BOSTON - Fidelity Investments is getting tougher on Corporate America.

New data from the Boston mutual fund giant shows a rise in how often it voted against management proposals in the just-concluded proxy season. It also opposed company pay plans and the election of company directors more frequently.

A Fidelity spokeswoman said the results stem from policies such as that it vote against directors who don't follow through on promises to reform CEO compensation.

The votes come after a grim year for stocks and tough talk about executive pay from Washington, and could presage similar votes by other big investors, said Rhonda Brauer, a corporate governance adviser for proxy solicitor Georgeson Inc in New York.

Institutional investors are going to be looking at the performance of boards and managers much more closely, she said.

Voting by mutual fund firms at annual meetings has received heightened attention following criticism that the firms frequently rubber stamp management proposals to make it easier to win contracts like running company 401(k) retirement-savings plans.

With more than a trillion dollars of mutual fund assets, Fidelity's votes are closely watched as an indicator of the investment industry's mood.

Data that Fidelity provided to Reuters show that it voted against at least one management recommendation at 50 percent of the shareholder meetings at which it voted this past proxy season, up from 41 percent a year ago and 38 percent the year before.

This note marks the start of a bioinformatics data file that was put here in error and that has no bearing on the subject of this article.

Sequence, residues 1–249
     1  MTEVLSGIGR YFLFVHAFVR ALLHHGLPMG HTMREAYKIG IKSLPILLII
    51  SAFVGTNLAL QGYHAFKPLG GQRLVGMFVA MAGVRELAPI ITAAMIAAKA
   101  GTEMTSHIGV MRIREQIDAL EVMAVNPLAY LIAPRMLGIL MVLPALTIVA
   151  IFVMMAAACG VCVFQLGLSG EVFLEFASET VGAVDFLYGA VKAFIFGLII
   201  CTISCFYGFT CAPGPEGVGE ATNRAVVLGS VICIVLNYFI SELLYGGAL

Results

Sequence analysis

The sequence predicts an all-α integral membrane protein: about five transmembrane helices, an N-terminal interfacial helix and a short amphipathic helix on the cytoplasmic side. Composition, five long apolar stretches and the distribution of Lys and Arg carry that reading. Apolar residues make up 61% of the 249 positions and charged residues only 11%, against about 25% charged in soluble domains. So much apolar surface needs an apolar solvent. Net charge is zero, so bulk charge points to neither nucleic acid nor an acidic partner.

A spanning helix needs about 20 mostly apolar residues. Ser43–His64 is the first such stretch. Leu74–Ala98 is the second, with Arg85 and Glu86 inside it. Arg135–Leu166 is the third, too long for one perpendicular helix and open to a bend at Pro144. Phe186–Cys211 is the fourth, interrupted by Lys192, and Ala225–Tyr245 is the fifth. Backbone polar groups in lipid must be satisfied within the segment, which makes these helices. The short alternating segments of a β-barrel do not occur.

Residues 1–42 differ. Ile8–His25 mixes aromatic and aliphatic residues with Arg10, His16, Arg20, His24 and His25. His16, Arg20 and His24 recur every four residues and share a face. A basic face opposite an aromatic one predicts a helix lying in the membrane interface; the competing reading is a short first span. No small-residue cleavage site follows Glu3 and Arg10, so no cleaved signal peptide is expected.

Fidelity also said it voted against 55 percent of all executive compensation plans put before it at U.S. companies this year, up from 46 percent the previous year. And, it said it voted against 23 percent of directors seeking election at U.S. companies, up from 17 percent a year ago.

In an email a Fidelity spokeswoman said the fund company often voted against directors who had poor attendance at board meetings, adopted golden parachute pay plans, or did not follow through on promises to change governance or pay practices.

For instance, filings by Fidelity's well-known Magellan fund show it cast votes this year against all 12 directors proposed by the management of Delta Air Lines Inc (DAL.N). The fund also withheld votes for the 10 directors proposed by the management of Google Inc (GOOG.O), filings show.

Studies of full mutual fund industry voting trends for the just-concluded proxy season aren't yet available. Another fund giant, Vanguard Group Inc, said that its proxy voting patterns were similar this year to previous years by measures such as how often it supported directors or approved compensation plans.

That's because many companies have already made changes the fund firm has pressed for in private talks, said Glenn Booraem, who oversees Vanguard's proxy voting. The voting results only tell part of the story, he said.

But Beth Young, who studies fund voting for The Corporate Library, a research firm in Portland, Maine, said she expects a greater number of votes against directors and pay plans this year in the wake of the recession's impact on company profits and share prices.

When performance is down it is much easier to see a pay-for-performance disconnect, Young said. When it comes to directors, for instance, major investors are getting off the assumption that you just vote for the incumbent and that's a good thing, she said. (Editing by Steve Orlofsky)